‘Tis the season for the annual holiday effect in which historical volatility (HV) has a strong tendency to plunge and drag implied volatility down with it. This is a subject I have tackled on a number of occasions in the past (see links below) and is really just a longer variant of what I call calendar reversion – the tendency of the VIX to fall an extra 1% or so on Fridays due to market makers adjusting prices ahead of the weekend. The lack of volatility all boils down to the same root cause: fewer trading days during the 30 calendar day window specified by the VIX (and implied volatility in general) means there are fewer opportunity for stocks to stray significantly from the path projected by efficient markets, standard deviations and the rest of the normalcy regime.

As of Friday’s close the S&P 500 index had a 10-day historical volatility of 5.5, which is the lowest reading since May 2007. In this week’s chart of the week below, I have elected to show the 10-day historical volatility of the Russell 2000 small cap index (RUT), which traditionally has higher volatility than the SPX and is also more susceptible to the winds of economic change and uncertainty. As the chart shows, 10-day historical volatility (white line) sits at a two-year low and has helped to pull the implied volatility (red line) of the index down below 20. Note that last week the CBOE Russell 2000 Volatility Index (RVX) dipped as low as 19.55 and is threatening to drop below the 19.00 level for the first time since June 2007.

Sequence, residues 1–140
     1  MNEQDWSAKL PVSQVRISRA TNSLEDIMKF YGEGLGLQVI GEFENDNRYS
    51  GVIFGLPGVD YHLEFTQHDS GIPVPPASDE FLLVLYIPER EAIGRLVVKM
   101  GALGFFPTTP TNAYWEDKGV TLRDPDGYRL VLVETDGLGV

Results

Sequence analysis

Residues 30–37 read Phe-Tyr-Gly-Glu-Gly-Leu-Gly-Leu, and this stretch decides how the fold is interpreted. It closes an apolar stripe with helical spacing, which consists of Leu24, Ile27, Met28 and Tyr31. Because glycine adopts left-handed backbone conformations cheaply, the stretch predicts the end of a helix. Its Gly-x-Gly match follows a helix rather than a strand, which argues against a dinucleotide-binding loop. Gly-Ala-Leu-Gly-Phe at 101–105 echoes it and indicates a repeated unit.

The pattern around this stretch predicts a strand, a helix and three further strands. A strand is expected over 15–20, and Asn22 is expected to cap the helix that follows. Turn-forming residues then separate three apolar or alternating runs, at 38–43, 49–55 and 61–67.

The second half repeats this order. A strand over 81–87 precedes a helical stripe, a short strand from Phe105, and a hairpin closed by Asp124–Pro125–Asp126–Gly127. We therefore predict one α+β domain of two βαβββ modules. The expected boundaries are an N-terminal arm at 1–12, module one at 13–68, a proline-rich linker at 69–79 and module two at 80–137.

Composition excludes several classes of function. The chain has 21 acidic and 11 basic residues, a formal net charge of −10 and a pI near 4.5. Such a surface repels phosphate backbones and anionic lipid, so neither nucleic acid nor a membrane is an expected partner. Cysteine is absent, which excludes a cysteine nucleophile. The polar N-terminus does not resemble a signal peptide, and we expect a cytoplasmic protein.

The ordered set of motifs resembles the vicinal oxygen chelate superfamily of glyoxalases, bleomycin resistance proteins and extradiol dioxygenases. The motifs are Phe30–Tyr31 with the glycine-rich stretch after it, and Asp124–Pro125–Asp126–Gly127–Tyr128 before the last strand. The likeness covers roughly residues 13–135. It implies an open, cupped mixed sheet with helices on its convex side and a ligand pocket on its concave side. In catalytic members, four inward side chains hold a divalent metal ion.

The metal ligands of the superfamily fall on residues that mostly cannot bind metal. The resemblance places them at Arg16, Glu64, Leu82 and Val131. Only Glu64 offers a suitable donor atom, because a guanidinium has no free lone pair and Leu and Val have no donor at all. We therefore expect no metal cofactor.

After the first of the year I expect to see the holiday effect magically disappear and HV, IV and volatility indices begin to reflect a more accurate view of investor expectations.

Related posts:



[source: Livevol.com]

Disclosure(s): Livevol is an advertiser on VIX and More

Friday, December 17, 2010

VIX and More and the 2011 Bespoke Roundtable